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A Note on Saudi Arabian Price Discrimination

Ronald Soligo and Amy Myers Jaffe

Year: 2000
Volume: Volume21
Number: Number 1
DOI: 10.5547/ISSN0195-6574-EJ-Vol21-No1-6
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Abstract:
Despite the development of an international market for crude petroleum and the resulting opportunities for arbitrage, Saudi oil continues to be shipped to markets in the U.S. and Europe when closer markets are available. Furthermore, these Western sales take place at fob (Saudi Arabia) prices that are lower than for exports to customers in the Far East. This note explains these Saudi price and trade flow anomalies in terms of a model of constrained price discrimination in which the quality adjusted price differential between Asian and European prices cannot exceed the differential in tanker rates to the two markets. The conditions under which price discrimination is likely to continue are also explored. The focus is on the West European and Far East oil markets but the argument applies to the U.S. market as well. Implications of Saudi marketing practices for new oil producers such as those in Central Asia are also discussed.



Economic Development and End-Use Energy Demand

Kenneth B. Medlock III, and Ronald Soligo

Year: 2001
Volume: Volume22
Number: Number 2
DOI: 10.5547/ISSN0195-6574-EJ-Vol22-No2-4
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Abstract:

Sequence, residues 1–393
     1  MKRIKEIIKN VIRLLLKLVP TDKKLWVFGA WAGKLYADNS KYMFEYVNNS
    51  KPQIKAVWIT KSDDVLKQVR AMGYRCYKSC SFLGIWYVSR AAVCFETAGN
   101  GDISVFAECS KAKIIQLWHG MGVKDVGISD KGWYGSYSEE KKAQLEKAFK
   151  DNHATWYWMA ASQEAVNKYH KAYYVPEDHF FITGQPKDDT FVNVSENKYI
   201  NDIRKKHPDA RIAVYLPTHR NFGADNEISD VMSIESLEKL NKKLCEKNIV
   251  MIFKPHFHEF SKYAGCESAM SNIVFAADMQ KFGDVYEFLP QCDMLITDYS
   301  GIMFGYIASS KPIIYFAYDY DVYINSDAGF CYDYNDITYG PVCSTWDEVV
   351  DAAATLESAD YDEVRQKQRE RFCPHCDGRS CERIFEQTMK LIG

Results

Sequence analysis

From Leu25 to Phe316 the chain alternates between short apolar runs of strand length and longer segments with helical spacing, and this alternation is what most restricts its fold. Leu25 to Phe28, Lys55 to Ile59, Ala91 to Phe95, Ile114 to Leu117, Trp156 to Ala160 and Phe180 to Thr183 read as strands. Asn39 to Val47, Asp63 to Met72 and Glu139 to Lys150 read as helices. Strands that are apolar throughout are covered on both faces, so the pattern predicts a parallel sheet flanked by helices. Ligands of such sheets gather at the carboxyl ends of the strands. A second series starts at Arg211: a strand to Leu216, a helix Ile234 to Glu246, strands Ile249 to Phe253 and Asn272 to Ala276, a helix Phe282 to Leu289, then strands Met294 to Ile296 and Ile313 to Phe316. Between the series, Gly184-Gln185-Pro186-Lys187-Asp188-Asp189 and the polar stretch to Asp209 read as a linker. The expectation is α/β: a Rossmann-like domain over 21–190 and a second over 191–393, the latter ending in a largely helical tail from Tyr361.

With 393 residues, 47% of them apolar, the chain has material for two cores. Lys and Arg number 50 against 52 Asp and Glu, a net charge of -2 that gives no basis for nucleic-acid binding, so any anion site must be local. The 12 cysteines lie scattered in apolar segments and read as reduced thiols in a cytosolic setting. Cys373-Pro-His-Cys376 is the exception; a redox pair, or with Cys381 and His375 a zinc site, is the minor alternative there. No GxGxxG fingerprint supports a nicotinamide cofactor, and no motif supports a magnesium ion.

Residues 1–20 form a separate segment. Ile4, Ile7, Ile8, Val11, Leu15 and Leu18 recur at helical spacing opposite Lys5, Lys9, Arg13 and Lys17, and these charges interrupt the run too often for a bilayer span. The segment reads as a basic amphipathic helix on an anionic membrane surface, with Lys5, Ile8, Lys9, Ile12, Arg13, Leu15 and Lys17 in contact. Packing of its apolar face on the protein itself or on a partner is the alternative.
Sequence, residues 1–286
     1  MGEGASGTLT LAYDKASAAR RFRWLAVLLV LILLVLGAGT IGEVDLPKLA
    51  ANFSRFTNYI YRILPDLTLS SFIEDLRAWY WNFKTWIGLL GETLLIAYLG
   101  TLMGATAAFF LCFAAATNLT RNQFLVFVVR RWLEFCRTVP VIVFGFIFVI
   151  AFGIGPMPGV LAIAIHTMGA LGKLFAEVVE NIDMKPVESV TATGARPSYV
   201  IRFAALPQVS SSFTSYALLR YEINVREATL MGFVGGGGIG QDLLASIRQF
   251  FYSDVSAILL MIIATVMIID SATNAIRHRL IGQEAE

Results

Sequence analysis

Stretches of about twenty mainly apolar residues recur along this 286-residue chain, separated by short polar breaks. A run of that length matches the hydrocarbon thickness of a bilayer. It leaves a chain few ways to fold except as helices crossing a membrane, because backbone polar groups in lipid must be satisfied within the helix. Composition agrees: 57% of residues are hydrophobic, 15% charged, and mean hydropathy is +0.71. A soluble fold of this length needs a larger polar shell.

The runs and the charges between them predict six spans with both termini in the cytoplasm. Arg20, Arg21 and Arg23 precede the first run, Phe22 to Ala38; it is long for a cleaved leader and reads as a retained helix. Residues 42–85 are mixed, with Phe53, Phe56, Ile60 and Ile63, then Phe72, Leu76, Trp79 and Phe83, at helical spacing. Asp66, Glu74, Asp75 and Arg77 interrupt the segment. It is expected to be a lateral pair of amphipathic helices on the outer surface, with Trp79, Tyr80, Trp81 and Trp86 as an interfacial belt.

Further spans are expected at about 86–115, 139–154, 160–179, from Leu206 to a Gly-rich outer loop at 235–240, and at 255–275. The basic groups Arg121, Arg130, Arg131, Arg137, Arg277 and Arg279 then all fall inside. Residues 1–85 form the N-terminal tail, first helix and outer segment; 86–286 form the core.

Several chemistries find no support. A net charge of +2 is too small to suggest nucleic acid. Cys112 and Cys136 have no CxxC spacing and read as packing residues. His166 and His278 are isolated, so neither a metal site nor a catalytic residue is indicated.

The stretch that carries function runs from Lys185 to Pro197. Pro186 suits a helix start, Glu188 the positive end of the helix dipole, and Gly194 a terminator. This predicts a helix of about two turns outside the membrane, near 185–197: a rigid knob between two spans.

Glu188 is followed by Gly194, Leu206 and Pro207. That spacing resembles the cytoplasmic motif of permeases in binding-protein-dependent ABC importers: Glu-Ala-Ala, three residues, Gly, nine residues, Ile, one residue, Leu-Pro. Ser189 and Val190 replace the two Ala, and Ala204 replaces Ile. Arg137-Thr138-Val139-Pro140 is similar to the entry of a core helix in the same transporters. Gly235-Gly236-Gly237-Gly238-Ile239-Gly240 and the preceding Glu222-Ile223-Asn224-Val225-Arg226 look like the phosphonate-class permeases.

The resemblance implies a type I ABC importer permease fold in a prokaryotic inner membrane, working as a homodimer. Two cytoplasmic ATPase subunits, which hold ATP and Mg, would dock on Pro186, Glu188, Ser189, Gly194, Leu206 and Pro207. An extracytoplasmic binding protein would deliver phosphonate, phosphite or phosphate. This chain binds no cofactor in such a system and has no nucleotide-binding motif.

We examine the relationship between economic development and energy demand. The paper identifies the development patterns that characterize particular economic sectors, and analyzes the effect of sector-specific energy demand growth rates on the composition of final energy demand. We also examine some of the associated policy implications. Industrial energy demand increases most rapidly at the initial stages of development, but growth slows steadily throughout the industrialization process. Energy demand for transportation rises steadily, and takes the majority share of total energy use at the latter stages of development. Energy demand originating from the residential and commercial sector also increases to surpass industrial demand, but long term growth is not as pronounced as it is in the transport sector. These results have implications for the primary energy demand of an economy as it develops, and thus, for domestic energy security and global geopolitical relationships.





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